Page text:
Small window to act before mum's death

·3-min read

An intensive care expert believes there was only a narrow window of opportunity to correctly diagnose and treat a Melbourne mother with a rare birth complication before she died.

Caroline Lovell died shortly after the birth of her second daughter, in a birthing pool at her Wantirna home in 2012.

Midwives Gaye Demanuele and Melody Bourne were with the 36-year-old when she delivered a healthy baby, and when Ms Lovell collapsed afterwards.

They're now charged with her manslaughter, allegedly a result of gross negligence in their care of her.

Ms Lovell went into cardiac arrest within hours of the natural birth. She was resuscitated by paramedics and rushed to hospital but after a period of stability in ICU her condition deteriorated and she died from multi-organ failure.

Experts including the pathologist who examined Ms Lovell's body say she most likely died from a post partum haemorrhage, which she had also experienced after her first daughter's birth.

But defence lawyers have suggested a rare amniotic fluid embolism - when amniotic fluid enters the mother's bloodstream - may have been the cause.

Intensive care specialist John Cade agrees, saying Ms Lovell's collapse and the consequences that followed were "typical" of an AFE.

At 9.50am on the day of the birth Ms Lovell fainted and had low blood pressure and at 10.10am she suffered more "dramatic" symptoms including restlessness and shortness of breath.

"This is the onset of the AFE - it is well before any of the major haemorrhage has stated and it is the clinical clue that we have the onset of this condition," Professor Cade said.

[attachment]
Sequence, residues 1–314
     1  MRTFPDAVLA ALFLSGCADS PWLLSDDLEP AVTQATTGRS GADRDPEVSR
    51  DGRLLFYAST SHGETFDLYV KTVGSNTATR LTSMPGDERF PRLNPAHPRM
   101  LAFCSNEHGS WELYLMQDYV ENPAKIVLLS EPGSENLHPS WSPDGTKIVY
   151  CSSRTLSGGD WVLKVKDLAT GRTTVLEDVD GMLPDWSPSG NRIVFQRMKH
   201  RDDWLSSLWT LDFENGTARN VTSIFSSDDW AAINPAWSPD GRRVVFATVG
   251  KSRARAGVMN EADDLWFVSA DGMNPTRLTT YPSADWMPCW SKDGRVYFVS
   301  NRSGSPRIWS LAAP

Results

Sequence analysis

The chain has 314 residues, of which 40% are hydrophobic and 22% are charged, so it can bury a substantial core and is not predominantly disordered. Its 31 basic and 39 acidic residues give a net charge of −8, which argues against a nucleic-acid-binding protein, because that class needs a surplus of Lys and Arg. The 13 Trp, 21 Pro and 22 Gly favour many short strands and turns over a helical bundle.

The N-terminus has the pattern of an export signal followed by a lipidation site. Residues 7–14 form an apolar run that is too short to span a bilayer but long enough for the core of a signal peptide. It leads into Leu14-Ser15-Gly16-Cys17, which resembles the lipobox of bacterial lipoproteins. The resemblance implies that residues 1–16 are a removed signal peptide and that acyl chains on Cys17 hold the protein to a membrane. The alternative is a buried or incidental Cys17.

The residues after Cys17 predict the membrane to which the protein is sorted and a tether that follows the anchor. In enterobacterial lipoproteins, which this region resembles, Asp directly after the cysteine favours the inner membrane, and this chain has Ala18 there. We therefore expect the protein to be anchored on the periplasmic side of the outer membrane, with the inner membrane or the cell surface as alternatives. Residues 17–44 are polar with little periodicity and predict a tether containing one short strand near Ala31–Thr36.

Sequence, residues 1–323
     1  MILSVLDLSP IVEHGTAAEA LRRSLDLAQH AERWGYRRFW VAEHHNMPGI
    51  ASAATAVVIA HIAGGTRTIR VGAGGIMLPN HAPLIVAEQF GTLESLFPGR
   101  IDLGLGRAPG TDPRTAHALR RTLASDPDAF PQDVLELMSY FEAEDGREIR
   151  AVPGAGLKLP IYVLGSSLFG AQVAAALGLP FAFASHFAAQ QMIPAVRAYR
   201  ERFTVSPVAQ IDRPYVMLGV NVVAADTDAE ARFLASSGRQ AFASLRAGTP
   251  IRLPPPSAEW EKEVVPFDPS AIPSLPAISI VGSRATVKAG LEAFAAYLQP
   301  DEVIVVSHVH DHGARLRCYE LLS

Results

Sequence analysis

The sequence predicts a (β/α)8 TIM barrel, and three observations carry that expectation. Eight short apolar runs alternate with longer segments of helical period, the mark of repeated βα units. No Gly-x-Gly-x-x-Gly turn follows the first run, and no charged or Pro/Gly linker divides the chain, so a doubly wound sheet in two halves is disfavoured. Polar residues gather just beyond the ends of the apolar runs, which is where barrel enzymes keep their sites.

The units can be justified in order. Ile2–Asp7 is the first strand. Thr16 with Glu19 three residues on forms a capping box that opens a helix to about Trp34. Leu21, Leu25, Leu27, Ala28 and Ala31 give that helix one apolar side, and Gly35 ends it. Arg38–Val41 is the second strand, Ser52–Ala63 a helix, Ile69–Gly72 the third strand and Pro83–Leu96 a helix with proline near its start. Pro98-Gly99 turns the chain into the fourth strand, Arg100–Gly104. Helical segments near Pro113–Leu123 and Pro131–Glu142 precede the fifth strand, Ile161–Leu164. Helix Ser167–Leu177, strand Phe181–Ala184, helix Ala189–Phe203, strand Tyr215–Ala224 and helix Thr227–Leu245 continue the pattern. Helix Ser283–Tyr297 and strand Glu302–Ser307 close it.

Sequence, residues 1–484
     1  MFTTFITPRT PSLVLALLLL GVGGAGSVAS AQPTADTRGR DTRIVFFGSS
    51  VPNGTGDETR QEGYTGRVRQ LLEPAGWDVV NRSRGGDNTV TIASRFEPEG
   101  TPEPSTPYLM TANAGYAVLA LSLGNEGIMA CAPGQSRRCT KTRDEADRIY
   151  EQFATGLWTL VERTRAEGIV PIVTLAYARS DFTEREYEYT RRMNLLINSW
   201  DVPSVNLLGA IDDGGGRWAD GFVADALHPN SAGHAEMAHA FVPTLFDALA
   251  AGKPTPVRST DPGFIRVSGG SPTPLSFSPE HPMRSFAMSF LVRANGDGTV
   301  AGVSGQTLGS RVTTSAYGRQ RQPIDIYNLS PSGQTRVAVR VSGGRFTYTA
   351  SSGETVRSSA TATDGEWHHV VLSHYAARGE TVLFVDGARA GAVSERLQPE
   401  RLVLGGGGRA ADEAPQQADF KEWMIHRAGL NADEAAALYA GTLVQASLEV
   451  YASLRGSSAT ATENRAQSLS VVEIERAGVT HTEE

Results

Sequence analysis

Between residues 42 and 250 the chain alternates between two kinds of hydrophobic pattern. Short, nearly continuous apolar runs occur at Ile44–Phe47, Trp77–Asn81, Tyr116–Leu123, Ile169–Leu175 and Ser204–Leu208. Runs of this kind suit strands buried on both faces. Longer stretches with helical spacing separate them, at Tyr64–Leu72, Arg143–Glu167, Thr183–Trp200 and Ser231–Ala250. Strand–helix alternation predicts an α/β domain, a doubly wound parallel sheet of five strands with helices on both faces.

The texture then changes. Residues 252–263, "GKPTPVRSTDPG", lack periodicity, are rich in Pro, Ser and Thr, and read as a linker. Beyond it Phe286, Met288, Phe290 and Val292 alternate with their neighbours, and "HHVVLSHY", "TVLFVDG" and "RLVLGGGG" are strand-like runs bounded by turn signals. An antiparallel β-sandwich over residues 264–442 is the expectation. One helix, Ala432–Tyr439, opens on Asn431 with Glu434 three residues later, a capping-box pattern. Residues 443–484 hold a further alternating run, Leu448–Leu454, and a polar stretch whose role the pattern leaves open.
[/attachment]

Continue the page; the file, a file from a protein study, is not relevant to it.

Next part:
Ms Lovell had asked her husband for anti-anxiety medication and told the midwives "I'm dying".

Professor Cade said a number of conditions including AFE can cause a sense of doom.

"The patient feels dreadful, they feel as if they're going to die and they can be entirely correct," he said.

He said the 10.10am symptoms were signs something was amiss and the window in which to act was "really quite small".

In the past AFE have had an 80 per cent mortality rate, with death occurring within an hour while at a major hospital the condition has a 90 per cent survival rate.

"I think outside a major hospital ... even at a rural hospital or somewhere else that is less equipped, the speed and severity is such that it's a very difficult condition to handle," he said.

Euan Wallace, who was the head of obstetrics and gynaecology at Monash University before becoming Department of Health secretary last year, said post partum haemorrhage was much more common.

A haemorrhage of more than 500ml of blood occurs in around one in five pregnancies, while a severe haemorrhage of more than a litre of blood lost occurs in about one in 20 pregnancies.

By contrast, he said AFEs occur in about one in 20,000.

He said he had personally been involved in two AFE cases, including one where the mother died.

The hearing is continuing.

Our goal is to create a safe and engaging place for users to connect over interests and passions. In order to improve our community experience, we are temporarily suspending article commenting